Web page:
before he pooped his pants. So he now has to ask to go to his room, and
then I tell him to go to the bathroom first.

HTH! We noticed a really quick improvement when we started this
schedule. Within a week or two DS was nearly clean. Since then he has
had an occasional accident, but is OK overall. If you don't notice
improvement, take your DS to see a pediatrician.

I
--
mommy to DS (nearly 6)
mommy to TG and TB (2.5)
guardian of DH (age classified)
  #5  
Old May 14th 08, 12:43 PM posted to misc.kids
Banty
external usenet poster
 
Posts: 2,280
Default my 6 year old poops his pants

In article l, Eowyn says...

avalon_mom wrote:
Ok so my almost 6 year old is still pooping his pants i'm at a total loss. I
dont think its a medical condition because he can make it to the bathroom he
knows when he has to go it doesnt hurt. I make him go to bed early I take
away tv I've spanked nothing has worked. He will go to the bathroom for a
couple weeks sometimes a month no problem then out of nowhere he starts
pooping in his pants again. It's not alot though usually one small to medium
size like he's holding it in doesnt want to go I think because he's too busy
playing to stop and go any idea's on how to make him go and stop this
nonsense? Please help


It is not entirely unheard of for 6yo, especially boys, to poop their
pants, but it is definitely unwanted. If you are absolutely sure it is
not a medical issue, the most likely problem is that he doesn't feel he
has to go, or ignores it. This behaviour has to be changed asap, the
older he gets, the harder it is to learn this properly again.


Eh - I don't think he'll be pooping in his pants when he's 18.

Banty

  #6  
Old May 14th 08, 01:18 PM posted to misc.kids
Stephanie[_2_]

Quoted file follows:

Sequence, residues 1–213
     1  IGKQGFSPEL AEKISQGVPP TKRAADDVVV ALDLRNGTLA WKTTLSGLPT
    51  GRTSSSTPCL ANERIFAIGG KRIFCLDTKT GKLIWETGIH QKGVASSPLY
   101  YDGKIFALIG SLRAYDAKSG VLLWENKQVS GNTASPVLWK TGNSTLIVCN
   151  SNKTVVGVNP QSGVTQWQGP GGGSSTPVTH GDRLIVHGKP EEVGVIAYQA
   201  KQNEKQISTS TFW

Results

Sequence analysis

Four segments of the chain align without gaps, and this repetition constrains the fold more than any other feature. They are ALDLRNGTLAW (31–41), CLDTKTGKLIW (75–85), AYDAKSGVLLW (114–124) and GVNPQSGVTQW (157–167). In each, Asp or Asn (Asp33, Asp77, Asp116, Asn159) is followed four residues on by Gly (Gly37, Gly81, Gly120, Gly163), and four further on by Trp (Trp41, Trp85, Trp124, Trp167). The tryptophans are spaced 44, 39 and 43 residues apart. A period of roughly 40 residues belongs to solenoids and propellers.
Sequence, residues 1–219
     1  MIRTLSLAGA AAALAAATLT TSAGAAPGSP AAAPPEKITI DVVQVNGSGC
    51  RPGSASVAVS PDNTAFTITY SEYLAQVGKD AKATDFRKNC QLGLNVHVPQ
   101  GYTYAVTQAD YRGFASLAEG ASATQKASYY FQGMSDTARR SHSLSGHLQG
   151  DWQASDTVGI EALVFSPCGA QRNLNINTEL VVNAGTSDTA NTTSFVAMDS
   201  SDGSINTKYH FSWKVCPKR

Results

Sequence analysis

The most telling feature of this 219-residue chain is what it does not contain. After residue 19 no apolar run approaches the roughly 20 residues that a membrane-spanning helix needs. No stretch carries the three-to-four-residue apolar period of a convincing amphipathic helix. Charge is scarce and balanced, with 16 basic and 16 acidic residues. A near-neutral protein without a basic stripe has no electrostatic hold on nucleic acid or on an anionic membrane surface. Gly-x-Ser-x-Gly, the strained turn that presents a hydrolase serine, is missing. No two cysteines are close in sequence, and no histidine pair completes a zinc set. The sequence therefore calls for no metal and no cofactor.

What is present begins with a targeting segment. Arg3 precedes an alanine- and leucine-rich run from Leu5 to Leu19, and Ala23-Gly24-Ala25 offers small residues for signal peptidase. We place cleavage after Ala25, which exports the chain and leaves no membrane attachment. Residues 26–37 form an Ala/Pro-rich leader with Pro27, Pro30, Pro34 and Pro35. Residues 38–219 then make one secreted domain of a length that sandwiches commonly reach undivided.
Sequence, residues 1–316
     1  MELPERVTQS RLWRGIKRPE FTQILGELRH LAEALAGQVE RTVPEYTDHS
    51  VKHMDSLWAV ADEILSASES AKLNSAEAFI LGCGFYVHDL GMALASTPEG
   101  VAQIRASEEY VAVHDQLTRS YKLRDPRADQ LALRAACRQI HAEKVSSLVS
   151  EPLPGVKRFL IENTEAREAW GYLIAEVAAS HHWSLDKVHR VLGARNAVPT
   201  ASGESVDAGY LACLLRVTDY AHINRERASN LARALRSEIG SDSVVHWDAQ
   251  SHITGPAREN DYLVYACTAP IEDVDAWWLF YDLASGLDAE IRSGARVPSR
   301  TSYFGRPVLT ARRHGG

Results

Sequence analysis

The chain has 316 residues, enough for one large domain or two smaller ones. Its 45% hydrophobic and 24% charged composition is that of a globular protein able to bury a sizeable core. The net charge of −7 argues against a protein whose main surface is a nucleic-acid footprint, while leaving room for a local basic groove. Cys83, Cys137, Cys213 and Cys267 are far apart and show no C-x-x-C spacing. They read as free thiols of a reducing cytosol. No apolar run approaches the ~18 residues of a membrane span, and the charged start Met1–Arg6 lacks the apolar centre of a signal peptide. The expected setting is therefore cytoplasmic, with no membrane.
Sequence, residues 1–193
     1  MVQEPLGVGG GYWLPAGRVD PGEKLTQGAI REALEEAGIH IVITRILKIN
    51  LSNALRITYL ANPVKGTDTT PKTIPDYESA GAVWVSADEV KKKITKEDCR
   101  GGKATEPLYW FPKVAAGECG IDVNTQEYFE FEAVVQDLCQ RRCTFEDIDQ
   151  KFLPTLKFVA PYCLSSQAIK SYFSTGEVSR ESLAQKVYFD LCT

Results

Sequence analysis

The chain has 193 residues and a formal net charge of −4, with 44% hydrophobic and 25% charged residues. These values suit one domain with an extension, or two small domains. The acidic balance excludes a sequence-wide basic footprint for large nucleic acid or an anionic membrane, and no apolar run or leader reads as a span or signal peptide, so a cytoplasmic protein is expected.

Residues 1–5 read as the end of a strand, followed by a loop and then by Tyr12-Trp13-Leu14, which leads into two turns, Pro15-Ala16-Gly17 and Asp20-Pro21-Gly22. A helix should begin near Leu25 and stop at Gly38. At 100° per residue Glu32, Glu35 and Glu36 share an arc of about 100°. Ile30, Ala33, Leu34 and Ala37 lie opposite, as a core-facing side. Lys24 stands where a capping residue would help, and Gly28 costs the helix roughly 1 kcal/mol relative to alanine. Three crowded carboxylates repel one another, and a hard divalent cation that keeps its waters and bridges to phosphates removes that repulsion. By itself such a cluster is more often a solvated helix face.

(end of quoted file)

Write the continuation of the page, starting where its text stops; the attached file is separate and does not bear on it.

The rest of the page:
external usenet poster
 
Posts: 693
Default my 6 year old poops his pants

Eowyn wrote:
avalon_mom wrote:
Ok so my almost 6 year old is still pooping his pants i'm at a total
loss. I dont think its a medical condition because he can make it to
the bathroom he knows when he has to go it doesnt hurt. I make him
go to bed early I take away tv I've spanked nothing has worked. He
will go to the bathroom for a couple weeks sometimes a month no
problem then out of nowhere he starts pooping in his pants again.
It's not alot though usually one small to medium size like he's
holding it in doesnt want to go I think because he's too busy
playing to stop and go any idea's on how to make him go and stop
this nonsense? Please help


It is not entirely unheard of for 6yo, especially boys, to poop their
pants, but it is definitely unwanted. If you are absolutely sure it is
not a medical issue, the most likely problem is that he doesn't feel
he has to go, or ignores it. This behaviour has to be changed asap,
the older he gets, the harder it is to learn this properly again.



I doubt this asap business.

We are in a similar situation with our 5.5yo. First and foremost thing
to do is not make this an issue for him. When he poops his pants, let
him clean it up, wash his own bottom and change. You can even let him
wash his underwear. He has to become aware that his poop is his
responsibility and noone else's. Do NOT get angry or upset, just
ignore it entirely.



I agree with this.

For DS1 we have a fixed schedule of going to the bathroom: before a
meal he goes to pee and wash his hands. After every meal he can take
a small toy and goes to the bathroom for 5 minutes (we give him a
timer) to try to poop. If nothing comes, that's OK. If he poops, he
gets praise and a sticker with which he is saving up for computer
time (you can make him save time for anything he really enjoys
doing). During the weekends he gets to use up his time whenever he
likes. When things are going well, we reward him with extra stickers
to keep him motivated.
Also pay attention to his behaviour, see if you can find clues that he
has to go. We noticed that DS would always go play in his room just
before he pooped his pants. So he now has to ask to go to his room,
and then I tell him to go to the bathroom first.



For my child by the age of 5 or 6 this would have been micromanagement and
would be counter productive to the former idea that the child is responsible
for going to the bathroom or the consequences of not. I would stick to the
first paragraph and leave the rest behind. If he was still training, that
would be a different problem. But IIRC he was formerly confident in his
ability and is backsliding.

All of this based on the assumption that the child does not have a medical
issue, which I would confirm with a pediatrician first. It would be terribly
frustrating and counter productive for the child to get no assistance when